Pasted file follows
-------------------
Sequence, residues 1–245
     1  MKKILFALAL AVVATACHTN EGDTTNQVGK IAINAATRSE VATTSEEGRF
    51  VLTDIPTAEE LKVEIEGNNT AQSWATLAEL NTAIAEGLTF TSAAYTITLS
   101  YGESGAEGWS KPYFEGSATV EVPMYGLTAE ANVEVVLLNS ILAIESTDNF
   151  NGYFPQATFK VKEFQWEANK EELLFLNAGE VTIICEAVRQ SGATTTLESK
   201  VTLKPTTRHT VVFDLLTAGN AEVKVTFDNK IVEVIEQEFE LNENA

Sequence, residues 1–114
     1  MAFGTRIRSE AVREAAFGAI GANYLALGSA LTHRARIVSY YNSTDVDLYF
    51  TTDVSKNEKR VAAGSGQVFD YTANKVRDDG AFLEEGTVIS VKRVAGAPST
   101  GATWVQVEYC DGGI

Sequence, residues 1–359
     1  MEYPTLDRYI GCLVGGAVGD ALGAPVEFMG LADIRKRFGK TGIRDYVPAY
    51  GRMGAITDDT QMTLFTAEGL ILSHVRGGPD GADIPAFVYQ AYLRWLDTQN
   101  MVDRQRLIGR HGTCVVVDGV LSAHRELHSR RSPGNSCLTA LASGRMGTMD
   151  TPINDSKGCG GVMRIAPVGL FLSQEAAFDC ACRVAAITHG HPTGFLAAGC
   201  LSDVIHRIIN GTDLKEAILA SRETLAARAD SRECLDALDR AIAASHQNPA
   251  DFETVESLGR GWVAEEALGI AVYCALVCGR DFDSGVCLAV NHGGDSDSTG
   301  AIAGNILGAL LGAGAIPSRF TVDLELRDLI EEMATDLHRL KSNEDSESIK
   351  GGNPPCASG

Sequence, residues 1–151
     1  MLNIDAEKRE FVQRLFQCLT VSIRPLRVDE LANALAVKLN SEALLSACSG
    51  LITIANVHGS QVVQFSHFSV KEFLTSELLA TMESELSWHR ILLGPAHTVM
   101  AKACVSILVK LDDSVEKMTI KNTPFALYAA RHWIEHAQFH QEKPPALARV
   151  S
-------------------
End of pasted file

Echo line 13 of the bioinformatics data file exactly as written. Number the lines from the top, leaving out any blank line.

    51  GRMGAITDDT QMTLFTAEGL ILSHVRGGPD GADIPAFVYQ AYLRWLDTQN